AUGUSTA – Maine House Republicans on Friday panned an anti-jobs bill that targets call centers in the state and had its public hearing before the legislature’s Labor, Commerce, Research, and Economic Development (LCRED) Committee Thursday.
The bill, introduced by Senate Majority Leader Troy Jackson (D-Allagash) would inflict a virtual “death sentence” on businesses who move some operations out of state, revoking all state tax incentives and grants retroactively. Both the Maine Chamber of Commerce and the Maine Department of Labor testified against the measure.
“Senator Jackson’s bill punishes call centers for factors beyond their control and asks them to make a promise that no business can ever make: that once you come to Maine, you will never leave,” said Rep. Amy Volk (R-Scarborough), ranking House Republican on the LCRED Committee. “It also sends a dangerous message to the business community who might wonder what industry will be targeted next. Should this bill pass, we will probably never see another call center come to Maine.”
The bill creates an “all or nothing” approach whereby a company has an incentive to move all of its operations out of the state instead of just some, as any operations left behind would be ineligible for any economic development incentives.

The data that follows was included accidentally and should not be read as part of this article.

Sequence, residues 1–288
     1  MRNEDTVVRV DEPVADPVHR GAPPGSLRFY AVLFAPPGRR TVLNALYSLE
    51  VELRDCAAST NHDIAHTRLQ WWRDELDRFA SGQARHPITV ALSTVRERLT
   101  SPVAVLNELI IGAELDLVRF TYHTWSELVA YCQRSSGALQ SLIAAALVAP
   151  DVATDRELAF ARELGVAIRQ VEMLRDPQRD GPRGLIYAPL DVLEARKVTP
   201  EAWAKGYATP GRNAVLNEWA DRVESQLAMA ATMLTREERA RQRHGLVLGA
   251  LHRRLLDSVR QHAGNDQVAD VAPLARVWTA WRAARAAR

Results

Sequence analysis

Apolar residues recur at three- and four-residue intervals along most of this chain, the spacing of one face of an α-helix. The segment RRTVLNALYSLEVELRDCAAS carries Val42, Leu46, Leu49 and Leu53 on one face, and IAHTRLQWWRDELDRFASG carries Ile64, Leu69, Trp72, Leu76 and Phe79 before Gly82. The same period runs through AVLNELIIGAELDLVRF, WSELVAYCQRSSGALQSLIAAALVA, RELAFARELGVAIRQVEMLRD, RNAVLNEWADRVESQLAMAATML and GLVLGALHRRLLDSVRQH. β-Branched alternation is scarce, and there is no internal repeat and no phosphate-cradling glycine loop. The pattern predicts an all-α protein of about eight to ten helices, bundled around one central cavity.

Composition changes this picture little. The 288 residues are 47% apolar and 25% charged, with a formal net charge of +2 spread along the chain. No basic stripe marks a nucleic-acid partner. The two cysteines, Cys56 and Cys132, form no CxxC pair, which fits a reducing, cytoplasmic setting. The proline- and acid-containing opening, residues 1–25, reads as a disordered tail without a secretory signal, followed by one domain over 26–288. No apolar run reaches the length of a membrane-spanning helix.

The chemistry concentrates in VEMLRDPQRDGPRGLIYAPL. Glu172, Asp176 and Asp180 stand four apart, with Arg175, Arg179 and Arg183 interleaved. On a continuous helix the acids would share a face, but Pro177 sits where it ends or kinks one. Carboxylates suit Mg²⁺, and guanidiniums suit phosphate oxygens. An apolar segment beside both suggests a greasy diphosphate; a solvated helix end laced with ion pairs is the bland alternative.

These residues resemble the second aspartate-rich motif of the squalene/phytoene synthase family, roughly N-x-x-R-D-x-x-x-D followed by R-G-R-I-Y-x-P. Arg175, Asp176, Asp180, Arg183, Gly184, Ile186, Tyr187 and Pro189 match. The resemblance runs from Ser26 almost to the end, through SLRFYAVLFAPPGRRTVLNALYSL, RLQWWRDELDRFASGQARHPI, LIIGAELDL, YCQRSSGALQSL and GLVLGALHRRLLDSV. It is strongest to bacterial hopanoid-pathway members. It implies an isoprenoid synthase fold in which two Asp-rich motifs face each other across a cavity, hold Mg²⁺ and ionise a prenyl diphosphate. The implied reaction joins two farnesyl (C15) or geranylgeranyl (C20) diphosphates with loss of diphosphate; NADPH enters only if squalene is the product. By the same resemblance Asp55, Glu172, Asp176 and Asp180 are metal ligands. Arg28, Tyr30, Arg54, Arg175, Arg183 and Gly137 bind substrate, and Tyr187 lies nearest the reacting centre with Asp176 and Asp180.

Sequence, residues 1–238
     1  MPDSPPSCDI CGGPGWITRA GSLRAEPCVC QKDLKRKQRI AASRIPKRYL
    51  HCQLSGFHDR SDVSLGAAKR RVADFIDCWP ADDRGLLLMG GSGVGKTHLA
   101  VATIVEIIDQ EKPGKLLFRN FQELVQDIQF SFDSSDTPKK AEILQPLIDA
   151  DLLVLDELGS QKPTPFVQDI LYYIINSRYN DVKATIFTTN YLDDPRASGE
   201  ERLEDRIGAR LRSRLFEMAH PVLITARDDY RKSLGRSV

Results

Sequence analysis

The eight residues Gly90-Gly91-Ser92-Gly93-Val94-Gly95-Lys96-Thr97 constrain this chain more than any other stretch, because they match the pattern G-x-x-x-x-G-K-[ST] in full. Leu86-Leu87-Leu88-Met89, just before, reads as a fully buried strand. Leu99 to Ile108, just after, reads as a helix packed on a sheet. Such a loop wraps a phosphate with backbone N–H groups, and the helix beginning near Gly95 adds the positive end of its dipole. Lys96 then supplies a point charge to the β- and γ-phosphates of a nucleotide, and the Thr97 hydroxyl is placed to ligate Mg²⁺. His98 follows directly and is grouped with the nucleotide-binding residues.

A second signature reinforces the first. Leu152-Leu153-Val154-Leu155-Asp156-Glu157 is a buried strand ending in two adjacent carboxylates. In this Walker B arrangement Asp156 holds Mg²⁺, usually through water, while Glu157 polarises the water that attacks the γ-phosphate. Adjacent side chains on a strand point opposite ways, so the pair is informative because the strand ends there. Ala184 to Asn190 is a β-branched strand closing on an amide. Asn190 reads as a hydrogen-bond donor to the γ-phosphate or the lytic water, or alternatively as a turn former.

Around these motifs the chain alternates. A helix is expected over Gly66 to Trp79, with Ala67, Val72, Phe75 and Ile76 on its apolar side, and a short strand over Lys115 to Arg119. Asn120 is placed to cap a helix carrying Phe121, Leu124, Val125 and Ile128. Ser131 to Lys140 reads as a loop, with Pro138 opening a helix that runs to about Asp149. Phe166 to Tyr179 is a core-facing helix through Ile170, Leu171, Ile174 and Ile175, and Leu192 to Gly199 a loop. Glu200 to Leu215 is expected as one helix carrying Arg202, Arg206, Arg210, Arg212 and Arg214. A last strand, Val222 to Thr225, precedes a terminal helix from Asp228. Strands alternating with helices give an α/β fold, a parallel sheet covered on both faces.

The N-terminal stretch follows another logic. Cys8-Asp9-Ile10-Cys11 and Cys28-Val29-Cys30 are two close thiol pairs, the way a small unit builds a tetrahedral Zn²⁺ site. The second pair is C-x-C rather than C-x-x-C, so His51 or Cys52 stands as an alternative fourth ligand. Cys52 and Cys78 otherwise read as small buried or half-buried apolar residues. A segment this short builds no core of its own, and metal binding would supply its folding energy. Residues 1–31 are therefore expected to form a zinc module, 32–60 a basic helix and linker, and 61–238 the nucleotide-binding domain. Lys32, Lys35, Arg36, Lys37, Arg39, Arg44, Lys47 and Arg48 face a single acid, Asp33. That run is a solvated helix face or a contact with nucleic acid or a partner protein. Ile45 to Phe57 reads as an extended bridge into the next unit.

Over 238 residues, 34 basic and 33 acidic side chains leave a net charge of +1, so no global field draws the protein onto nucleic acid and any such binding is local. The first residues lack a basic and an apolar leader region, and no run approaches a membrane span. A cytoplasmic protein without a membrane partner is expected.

“This bill would literally create a hit list of Maine businesses that would be the subject of protectionist retaliation by bureaucrats in Augusta,” said Rep. Lawrence Lockman (R-Amherst), also of the LCRED Committee. “It broadcasts to companies around the world that if you come to Maine, you better not make any changes once you get here because you’ll be on the hit list. That’s the last thing we need because call centers provide many laid off workers with a much-needed paycheck.”
Carbonite, Inc., the large, online data storage company, actually moved a call center from New Delhi, India to Lewiston in 2011, creating hundreds of jobs at the still-growing center. Lewiston was one of 75 competitive site locations the company considered. Jackson’s bill would make such moves highly unlikely in the future.
“Maine has tried to micromanage the private sector with these protectionist regulations for decades and where has it gotten us?” said Rep. Brian Duprey (R-Hampden) of the LCRED Committee. “We need to focus on the big picture of reasonable regulations, low taxes, low energy costs, and a skilled workforce if we want to see true growth.”
The bill is scheduled for a committee work session on Thursday, February 13.